President Barack Obama on Tuesday signed into law a bill that included a provision long championed by Rep. Lois Capps, D-Santa Barbara, to adjust Medicare reimbursement rates so that they more accurately reflect the actual cost of practicing medicine on the Central Coast.
The fix, which Capps had supported and pushed for more than a decade, will solve a long-standing problem in which counties — including Santa Barbara and San Luis Obispo — are mislabeled as rural, resulting in health-care providers being reimbursed at a lower rate for the care they provide in the Medicare program.
The GPCI problem dates back to 1966 when counties were either designated as “rural” or “urban.” Those designations were never changed, so doctors practicing in counties that have grown since then are being compensated at significantly lower levels than they should. There are 14 California counties — including Santa Barbara and San Luis Obispo County — whose Medicare providers are being underpaid by as much as 10 percent a year, according to the California Medical Association.
“This is an important win for Central Coast doctors and the senior they care for,” Capps said. “I have worked with Central Coast physicians for over a decade to correct this issue, and today’s bill signing is a direct result of those efforts. The GPCI system has been unfair for too long, and I am so pleased that this issue will finally be behind us.”
The GPCI fixed signed into law would require California Medicare reimbursements to move from the urban/rural designations from 1966 to calculation based on Metropolitan Statistical Areas, which they currently use for hospital payments and more accurately reflect the cost of practicing medicine. The higher payments would be phased in over a six-year period starting in 2017.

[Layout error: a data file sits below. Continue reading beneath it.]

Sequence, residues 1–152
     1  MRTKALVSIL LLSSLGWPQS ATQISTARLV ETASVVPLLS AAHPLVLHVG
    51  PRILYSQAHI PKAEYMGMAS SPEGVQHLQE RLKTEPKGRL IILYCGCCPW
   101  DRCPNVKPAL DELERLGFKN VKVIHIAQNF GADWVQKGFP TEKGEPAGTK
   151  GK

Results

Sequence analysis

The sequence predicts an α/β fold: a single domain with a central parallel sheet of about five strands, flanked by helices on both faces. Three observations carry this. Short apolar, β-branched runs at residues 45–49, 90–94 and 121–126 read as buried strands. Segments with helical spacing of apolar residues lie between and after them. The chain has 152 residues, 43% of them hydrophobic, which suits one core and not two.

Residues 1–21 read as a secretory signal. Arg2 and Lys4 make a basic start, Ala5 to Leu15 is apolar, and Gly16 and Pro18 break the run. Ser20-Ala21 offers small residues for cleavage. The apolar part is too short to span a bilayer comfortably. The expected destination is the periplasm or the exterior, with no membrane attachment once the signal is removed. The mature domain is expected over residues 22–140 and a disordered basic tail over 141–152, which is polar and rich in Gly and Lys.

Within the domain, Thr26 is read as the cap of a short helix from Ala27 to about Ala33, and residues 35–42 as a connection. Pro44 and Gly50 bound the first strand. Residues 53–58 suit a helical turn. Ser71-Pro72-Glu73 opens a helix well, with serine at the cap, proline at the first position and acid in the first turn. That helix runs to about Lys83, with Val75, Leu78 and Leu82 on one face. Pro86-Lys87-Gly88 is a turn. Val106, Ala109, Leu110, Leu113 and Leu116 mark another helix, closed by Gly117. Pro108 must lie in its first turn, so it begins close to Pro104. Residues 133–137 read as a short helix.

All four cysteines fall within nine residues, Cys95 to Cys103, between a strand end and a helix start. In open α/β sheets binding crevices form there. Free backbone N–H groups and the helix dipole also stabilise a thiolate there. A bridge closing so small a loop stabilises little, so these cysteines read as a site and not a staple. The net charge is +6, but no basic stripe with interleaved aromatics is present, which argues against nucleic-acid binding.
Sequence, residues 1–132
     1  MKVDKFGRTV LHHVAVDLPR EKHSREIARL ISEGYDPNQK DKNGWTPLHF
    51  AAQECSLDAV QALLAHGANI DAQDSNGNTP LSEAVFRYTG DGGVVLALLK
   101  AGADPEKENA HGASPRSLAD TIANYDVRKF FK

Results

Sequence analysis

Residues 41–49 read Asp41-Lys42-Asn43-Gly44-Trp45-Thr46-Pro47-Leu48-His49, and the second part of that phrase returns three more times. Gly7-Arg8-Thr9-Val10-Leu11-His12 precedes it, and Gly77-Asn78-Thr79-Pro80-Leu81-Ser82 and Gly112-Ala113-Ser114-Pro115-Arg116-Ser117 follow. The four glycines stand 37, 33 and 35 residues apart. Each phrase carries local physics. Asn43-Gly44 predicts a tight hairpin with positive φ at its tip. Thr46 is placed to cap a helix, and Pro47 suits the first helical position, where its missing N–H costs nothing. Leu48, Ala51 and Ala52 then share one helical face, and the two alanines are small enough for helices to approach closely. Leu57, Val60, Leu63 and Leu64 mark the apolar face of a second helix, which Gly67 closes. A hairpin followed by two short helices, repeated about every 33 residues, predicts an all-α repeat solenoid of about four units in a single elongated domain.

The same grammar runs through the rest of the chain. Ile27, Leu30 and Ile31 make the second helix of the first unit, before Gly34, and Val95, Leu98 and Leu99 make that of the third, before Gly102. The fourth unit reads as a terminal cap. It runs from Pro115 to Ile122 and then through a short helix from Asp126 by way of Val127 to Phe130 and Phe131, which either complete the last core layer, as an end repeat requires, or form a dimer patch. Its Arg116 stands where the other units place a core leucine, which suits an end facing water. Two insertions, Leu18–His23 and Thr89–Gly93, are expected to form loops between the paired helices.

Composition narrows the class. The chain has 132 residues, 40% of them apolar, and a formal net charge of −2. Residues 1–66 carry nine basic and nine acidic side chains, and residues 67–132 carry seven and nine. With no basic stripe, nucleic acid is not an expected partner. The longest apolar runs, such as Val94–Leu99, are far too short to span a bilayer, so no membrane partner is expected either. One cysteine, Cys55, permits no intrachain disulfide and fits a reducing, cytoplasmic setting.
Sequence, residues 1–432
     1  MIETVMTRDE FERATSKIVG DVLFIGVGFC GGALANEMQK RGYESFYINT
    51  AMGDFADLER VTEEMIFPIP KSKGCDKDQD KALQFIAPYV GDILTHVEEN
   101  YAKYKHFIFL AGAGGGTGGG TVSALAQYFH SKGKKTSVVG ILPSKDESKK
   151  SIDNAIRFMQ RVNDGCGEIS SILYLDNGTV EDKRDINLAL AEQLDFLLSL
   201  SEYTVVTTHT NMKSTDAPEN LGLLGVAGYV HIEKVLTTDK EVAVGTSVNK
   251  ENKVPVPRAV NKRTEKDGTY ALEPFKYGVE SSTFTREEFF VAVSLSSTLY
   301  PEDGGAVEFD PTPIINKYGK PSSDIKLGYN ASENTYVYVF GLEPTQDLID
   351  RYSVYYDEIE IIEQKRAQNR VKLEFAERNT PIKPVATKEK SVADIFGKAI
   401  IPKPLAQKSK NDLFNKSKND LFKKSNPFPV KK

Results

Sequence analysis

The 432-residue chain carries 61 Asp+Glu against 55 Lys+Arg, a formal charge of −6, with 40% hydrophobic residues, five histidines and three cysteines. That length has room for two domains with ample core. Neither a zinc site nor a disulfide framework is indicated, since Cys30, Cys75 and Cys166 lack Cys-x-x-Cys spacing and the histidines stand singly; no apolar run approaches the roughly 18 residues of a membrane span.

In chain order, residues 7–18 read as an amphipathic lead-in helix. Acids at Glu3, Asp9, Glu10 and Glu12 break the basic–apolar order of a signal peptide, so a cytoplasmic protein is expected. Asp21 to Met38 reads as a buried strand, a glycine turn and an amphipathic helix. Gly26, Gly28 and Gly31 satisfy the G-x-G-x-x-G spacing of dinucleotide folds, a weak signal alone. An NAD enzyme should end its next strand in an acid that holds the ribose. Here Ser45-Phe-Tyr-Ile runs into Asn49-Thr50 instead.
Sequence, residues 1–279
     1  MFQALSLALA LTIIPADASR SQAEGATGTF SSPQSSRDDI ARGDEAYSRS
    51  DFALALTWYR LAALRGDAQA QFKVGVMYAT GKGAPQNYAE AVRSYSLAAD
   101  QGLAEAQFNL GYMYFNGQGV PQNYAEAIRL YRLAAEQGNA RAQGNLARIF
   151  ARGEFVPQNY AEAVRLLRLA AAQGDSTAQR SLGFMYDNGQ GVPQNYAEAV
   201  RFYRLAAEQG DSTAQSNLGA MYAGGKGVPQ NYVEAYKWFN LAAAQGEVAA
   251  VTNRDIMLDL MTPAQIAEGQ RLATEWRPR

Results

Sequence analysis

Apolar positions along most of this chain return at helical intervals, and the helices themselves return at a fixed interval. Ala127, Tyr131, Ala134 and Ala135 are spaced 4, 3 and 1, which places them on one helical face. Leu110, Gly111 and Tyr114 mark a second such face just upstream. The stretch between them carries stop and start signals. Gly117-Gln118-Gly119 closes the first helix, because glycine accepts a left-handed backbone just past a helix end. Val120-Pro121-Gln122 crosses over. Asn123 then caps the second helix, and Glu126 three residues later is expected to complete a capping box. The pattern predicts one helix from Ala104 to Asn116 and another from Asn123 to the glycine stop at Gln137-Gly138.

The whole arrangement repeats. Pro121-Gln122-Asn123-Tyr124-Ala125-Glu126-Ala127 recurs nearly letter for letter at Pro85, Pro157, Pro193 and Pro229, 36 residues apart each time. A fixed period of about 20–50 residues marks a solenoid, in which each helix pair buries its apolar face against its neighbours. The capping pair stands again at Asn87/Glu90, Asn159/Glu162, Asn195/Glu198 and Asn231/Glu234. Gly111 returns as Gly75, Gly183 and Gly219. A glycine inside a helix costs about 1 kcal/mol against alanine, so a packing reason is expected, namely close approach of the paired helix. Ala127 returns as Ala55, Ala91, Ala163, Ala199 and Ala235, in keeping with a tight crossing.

The provision was included in legislation to temporarily block large cuts to Medicare provider reimbursement scheduled to occur under the sustainable growth rate formula. This year-long temporary fix was passed into law after the derailment of legislative efforts to permanently fix the flawed Medicare Sustainable Growth Rate through bipartisan legislation. Capps was a strong supporter of this permanent, bipartisan effort (H.R. 4015, the SGR Repeal and Medicare Provider Payment Modernization Act), but she voted against the legislation after it was amended to include a long-term delay of the individual responsibility requirements included in the Affordable Care Act. The non-partisan Congressional Budget Office estimated this coupling would result in an extra 13 million Americans going without health insurance and was largely panned by medical groups.
Currently, the SGR formula is used to determine Medicare payments to physicians. The formula has called for reductions in physician payment rates since 2002, which Congress has consistently overridden for more than 10 years, costing nearly $150 billion. Under the SGR, Medicare physician payment rates would have been reduced by about 24 percent in April of this year if not for the doc fix.
This was the 17th temporary fix in the past 11 years.
“I’ve said it before and I will say it again: we need to pass permanent fix to the flawed Medicare Sustainable Growth Rate,” Capps said. “For the first time, we have a bipartisan solution to this issue, but the House Majority derailed the final negotiations in the name of partisanship. This temporary patch will only increase the cost of permanent repeal and only serves to kick the can further down the road, even though permanent solution was within reach. I hope that we can and will go back to work to find a permanent solution to this issue and get it done this year.”
— Chris Meagher is the press secretary for Rep. Lois Capps, D-Santa Barbara.